SDSU senate votes to retire controversial Aztec mascot - CBS News 8 - San Diego, CA News Station - KFMB Channel 8

SDSU senate votes to retire controversial Aztec mascot

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SAN DIEGO (NEWS 8) – San Diego State University’s senate, made up of faculty members, is pushing to make a big change on campus after it passed a resolution to retire the Aztec warrior mascot.

The university government body also formed a task force to investigate the appropriateness of the name, but now the decision is in the hands of the university president.

Supporters called SDSU’s mascot a proud tradition that should stay, but opponents said it is racists and needs to end.

“The NCAA, the American Psychological Association and numerous bodies throughout the country have pointed to all the racist history of these types of mascots as well as the impact it has on current native students,” said Roberto Hernandez, SDSU associate professor and member of the Diversity, Equity and Outreach Committee.

Hernandez helped frame the resolution passed by the university senate Tuesday to retire the Aztec warrior mascot.

The resolution is non-binding. All it does is send a recommendation to the university’s president.

“This is actually, historically, territory of the Kumeyaay Nation. That is not to say we should be the San Diego State Kumeyaays – we’d be repeating the problem,” said Hernandez.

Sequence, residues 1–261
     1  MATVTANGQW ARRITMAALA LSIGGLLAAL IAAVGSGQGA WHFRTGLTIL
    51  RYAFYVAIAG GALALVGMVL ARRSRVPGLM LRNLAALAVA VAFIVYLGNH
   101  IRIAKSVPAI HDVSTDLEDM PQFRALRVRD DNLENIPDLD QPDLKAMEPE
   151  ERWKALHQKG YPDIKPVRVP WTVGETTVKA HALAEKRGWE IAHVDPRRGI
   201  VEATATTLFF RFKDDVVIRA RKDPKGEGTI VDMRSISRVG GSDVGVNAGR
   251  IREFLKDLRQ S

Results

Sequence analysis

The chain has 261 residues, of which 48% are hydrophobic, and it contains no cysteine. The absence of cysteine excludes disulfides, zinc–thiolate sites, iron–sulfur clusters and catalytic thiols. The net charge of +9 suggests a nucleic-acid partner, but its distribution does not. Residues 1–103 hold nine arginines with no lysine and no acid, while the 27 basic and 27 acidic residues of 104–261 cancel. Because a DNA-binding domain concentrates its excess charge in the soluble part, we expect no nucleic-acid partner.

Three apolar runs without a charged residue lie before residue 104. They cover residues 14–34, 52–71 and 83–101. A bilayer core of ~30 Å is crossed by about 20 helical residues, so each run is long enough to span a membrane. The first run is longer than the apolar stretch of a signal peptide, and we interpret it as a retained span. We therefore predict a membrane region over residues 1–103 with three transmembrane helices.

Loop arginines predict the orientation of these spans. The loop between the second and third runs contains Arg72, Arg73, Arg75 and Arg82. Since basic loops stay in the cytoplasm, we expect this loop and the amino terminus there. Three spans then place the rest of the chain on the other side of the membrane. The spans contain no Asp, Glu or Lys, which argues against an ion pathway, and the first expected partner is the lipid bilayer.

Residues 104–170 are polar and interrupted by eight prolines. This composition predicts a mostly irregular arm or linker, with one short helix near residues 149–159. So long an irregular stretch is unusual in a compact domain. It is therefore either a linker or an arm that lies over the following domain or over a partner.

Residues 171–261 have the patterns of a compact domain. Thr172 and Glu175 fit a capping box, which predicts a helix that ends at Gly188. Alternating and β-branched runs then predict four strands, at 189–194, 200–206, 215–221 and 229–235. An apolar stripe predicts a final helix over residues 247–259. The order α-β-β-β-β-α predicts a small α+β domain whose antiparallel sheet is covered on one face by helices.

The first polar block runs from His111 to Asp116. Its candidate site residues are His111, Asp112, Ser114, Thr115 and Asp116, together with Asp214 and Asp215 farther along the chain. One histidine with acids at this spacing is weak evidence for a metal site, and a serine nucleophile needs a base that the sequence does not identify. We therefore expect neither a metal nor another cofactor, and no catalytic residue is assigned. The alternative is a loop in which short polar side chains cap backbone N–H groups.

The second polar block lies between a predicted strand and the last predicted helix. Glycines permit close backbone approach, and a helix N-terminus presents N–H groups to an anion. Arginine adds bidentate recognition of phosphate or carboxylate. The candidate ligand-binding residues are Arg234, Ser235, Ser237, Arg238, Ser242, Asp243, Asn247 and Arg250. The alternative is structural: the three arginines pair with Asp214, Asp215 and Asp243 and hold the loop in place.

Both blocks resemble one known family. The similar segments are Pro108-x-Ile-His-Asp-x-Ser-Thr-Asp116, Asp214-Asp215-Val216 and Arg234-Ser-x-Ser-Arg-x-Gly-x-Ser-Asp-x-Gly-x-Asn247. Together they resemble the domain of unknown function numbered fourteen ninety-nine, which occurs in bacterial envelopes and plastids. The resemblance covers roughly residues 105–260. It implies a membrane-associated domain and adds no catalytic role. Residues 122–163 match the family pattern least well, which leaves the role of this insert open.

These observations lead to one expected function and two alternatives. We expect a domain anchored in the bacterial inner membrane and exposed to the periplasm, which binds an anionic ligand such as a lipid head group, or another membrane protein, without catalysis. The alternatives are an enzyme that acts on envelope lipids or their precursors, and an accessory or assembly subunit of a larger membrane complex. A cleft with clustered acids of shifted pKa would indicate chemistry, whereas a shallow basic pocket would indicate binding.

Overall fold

Carlos Gutierrez proudly served as SDSU’s human warrior for more than a decade. He said critics do not understand what the Aztec warrior represents. He said critics do not understand what the Aztec warrior represents.

“They are calling this racist. This is not racist. It’s humanistic. We have a human representative as a warrior representing SDSU. Representing sport. Representing one of the top universities in academia,” he said.

Gutierrez said he traveled to Mexico to better understand Aztec culture - to make sure he was honoring their tradition.

He said he will gladly pay for future warriors to go to Mexico City to do the same thing.

He also thinks the university should do more to educate all students so they understand what's behind the Aztec name.

SDSU’s interim president, Sally Roush, did not say if she will accept the resolution, but a spokesperson in a statement to News 8 said in part:

“This resolution proves an opportunity for dialogue to continue among all stakeholders in the SDSU community – including faculty, students, staff and alumni.”


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